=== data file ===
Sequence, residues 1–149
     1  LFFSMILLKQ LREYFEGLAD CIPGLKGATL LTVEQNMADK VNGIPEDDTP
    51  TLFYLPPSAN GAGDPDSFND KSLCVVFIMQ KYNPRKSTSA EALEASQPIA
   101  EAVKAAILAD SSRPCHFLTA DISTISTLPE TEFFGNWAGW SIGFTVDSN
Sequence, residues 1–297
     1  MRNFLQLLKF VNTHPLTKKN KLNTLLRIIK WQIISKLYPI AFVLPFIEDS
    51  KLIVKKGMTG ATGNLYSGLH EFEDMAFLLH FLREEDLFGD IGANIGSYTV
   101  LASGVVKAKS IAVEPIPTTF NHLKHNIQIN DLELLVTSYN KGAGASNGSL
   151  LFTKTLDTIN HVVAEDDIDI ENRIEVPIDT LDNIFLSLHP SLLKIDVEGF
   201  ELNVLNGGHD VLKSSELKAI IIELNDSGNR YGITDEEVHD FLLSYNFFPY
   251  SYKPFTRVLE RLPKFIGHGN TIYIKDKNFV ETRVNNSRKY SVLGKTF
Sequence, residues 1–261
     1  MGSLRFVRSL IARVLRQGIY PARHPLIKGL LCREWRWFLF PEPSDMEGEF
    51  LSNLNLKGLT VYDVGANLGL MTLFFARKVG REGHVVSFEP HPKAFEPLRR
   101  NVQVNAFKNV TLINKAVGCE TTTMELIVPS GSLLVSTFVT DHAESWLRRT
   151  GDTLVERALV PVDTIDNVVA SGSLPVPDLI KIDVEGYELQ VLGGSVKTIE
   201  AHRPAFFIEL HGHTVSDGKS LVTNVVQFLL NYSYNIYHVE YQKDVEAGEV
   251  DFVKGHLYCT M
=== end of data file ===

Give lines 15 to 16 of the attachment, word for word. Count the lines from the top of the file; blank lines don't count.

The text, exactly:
   101  NVQVNAFKNV TLINKAVGCE TTTMELIVPS GSLLVSTFVT DHAESWLRRT
   151  GDTLVERALV PVDTIDNVVA SGSLPVPDLI KIDVEGYELQ VLGGSVKTIE